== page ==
Where blogs are blogs and politicians are nervous

When the political blogosphere began to blossom, it held the promise of an activist electorate providing unprecedented accountability to our political class. Perhaps nowhere has this promise delivered better than in Minnesota, which has a vast, rich network of political blogs across the entire spectrum. The New York Times takes notice today in a look at how blogs, and one particular blog, has affected the upcoming Senate race:

On a laptop at a kitchen table in this cheery Twin Cities suburb, headlines ripping into Al Franken, the satirist whose campaign for the United States Senate is seen as one of the most competitive in the nation, are written up day after day for “Minnesota Democrats Exposed,” a political blog created by a former Republican Party researcher.

Michael B. Brodkorb, the blog’s creator, is a former Republican Party researcher who has worked on campaigns of some of this state’s top Republicans. His critics say the Web site’s claims, screamed in red uppercase letters, are often breathless, far-fetched, painfully partisan.

But Minnesota Democrats Exposed has dealt several blows to Mr. Franken’s campaign lately: revelations that he owed $25,000 to the State of New York for failing to pay workers’ compensation insurance and that his corporation was in forfeiture in California. Mr. Franken has since paid the debt.

With only weeks until the state Democratic Party’s convention, where Mr. Franken is expected to win the party’s endorsement to run against Senator Norm Coleman, the Republican incumbent, people here disagree about how much these financial questions will matter to voters in the fall.

What Mr. Franken’s circumstance has proven, though, is that no Minnesota candidate this fall can afford to ignore Mr. Brodkorb, or the rest of the state’s vast universe of Web sites devoted to local politics. Experts here say the abundance of these blogs is a mirror onto this state, its partisan split in recent years and its long tradition of intense political activism (by some measures, voter turnout here was the highest in the nation in 2006). That said, they are anything but Minnesota Nice.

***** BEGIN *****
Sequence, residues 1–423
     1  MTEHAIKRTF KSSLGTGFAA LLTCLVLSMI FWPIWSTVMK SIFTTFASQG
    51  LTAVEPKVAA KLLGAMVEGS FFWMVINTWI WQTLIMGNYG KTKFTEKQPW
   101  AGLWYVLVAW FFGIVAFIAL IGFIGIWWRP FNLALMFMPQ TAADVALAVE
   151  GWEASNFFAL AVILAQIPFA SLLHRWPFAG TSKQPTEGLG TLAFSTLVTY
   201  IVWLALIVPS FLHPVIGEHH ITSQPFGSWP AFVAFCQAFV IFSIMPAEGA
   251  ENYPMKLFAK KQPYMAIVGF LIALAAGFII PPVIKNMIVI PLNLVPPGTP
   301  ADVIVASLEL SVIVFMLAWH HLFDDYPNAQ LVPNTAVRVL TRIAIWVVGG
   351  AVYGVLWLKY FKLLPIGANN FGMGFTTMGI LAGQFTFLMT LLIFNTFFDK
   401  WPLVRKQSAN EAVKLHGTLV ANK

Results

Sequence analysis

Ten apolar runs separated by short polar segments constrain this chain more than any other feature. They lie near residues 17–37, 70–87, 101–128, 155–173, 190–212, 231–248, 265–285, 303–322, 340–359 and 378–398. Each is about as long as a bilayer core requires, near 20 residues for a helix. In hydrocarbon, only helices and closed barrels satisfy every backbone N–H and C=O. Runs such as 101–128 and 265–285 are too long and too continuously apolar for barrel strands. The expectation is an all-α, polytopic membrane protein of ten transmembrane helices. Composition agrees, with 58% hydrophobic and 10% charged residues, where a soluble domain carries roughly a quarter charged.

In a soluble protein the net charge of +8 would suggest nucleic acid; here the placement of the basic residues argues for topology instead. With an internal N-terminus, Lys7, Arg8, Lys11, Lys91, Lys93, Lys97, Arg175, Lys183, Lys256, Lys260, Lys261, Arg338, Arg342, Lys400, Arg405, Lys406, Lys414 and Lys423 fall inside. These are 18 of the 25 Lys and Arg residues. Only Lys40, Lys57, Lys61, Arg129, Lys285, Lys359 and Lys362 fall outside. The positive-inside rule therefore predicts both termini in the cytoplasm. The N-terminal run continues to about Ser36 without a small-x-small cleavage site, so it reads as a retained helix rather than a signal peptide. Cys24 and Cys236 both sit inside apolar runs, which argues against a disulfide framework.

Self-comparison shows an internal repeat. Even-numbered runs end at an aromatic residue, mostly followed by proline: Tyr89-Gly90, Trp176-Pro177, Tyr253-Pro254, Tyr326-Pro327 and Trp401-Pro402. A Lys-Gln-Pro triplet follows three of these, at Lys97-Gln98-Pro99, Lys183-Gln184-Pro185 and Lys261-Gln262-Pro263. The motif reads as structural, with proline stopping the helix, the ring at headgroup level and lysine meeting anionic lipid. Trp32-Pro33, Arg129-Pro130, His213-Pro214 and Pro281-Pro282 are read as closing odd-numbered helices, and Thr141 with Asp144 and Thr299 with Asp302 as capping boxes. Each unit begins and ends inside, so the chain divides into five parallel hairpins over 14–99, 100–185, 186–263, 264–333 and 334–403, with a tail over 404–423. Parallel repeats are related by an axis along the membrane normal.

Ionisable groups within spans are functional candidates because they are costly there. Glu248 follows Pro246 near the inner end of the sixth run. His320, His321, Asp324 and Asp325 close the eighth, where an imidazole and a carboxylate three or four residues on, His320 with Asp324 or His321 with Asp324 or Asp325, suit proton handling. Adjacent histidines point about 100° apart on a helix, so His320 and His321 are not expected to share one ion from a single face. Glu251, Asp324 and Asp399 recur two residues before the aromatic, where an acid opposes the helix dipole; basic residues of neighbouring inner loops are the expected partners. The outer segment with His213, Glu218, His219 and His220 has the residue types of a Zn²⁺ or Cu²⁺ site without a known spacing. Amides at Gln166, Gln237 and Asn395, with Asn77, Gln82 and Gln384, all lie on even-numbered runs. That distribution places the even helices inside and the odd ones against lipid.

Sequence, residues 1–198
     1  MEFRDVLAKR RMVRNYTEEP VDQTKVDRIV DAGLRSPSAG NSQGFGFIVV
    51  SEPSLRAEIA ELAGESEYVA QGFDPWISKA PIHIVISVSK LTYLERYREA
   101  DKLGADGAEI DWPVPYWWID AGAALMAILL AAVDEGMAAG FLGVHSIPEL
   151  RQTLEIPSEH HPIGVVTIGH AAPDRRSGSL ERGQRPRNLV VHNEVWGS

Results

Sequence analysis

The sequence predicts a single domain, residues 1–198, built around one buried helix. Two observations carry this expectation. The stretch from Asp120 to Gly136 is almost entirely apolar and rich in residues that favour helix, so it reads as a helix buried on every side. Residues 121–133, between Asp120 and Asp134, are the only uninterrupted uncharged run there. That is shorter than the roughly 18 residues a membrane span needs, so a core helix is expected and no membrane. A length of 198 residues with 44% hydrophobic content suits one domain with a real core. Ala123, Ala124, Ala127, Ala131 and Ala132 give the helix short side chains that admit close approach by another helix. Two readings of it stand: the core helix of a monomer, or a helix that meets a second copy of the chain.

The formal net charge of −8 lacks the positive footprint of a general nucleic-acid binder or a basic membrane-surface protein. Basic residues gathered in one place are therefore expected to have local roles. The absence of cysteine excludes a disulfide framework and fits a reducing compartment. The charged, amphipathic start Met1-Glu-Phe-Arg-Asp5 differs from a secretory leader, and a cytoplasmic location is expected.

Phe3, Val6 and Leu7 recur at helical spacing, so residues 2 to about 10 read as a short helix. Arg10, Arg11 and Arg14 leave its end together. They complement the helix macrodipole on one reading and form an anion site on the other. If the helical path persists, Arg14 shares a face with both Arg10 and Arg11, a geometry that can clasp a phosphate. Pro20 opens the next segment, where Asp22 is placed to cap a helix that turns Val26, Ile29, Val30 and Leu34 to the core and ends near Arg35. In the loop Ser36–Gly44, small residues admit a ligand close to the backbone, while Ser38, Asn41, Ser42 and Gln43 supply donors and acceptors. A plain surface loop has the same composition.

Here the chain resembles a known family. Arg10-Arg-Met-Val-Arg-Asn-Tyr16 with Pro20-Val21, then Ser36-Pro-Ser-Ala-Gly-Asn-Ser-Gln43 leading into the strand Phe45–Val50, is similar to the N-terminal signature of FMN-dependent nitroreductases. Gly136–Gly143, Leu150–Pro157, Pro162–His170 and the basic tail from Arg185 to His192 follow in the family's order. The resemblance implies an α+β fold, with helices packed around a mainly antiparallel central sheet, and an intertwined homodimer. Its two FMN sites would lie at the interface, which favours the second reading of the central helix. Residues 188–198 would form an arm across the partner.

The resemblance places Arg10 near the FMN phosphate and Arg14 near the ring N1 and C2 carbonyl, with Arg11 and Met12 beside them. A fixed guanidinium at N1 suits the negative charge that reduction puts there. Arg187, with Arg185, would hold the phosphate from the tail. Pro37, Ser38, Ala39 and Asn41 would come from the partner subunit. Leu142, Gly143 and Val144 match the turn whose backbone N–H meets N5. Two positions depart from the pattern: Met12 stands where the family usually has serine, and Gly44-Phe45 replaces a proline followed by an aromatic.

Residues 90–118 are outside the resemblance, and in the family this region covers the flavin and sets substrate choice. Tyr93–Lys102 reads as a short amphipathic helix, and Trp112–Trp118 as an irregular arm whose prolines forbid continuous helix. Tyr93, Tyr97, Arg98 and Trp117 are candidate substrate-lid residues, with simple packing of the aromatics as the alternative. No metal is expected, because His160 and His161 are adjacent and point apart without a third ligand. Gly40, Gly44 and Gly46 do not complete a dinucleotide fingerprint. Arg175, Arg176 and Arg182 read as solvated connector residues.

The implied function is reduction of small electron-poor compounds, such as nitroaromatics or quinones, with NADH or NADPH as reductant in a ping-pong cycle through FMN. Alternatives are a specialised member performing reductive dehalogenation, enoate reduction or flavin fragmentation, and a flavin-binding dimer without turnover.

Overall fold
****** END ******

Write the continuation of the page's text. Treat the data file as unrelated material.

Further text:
The article features two fellow members of the Northern Alliance Radio Network, Michael and my partner from 1-3 today, Mitch Berg. The NARN is the longest-running terrestrial radio show by bloggers, having been on the air continuously since March 2004. Part of the reason for that success is the local blogging community, which seems to have outstripped most other states in building political influence.

Two of the three writers at Power Line and I also live and write here, but we tend to focus more on national and international issues. The MOB as well as unaffiliated writers on the Left and Right have kept their sights on state government, with tremendous results. Legislators and party leaders know that any under-the-table dealings will eventually surface in the blogs, and then in the media. The bloggers in Minnesota show what an informed and motivated electorate can do in keeping government at least somewhat in check.

Of course, you can join us today and every Saturday on the NARN and see for yourselves.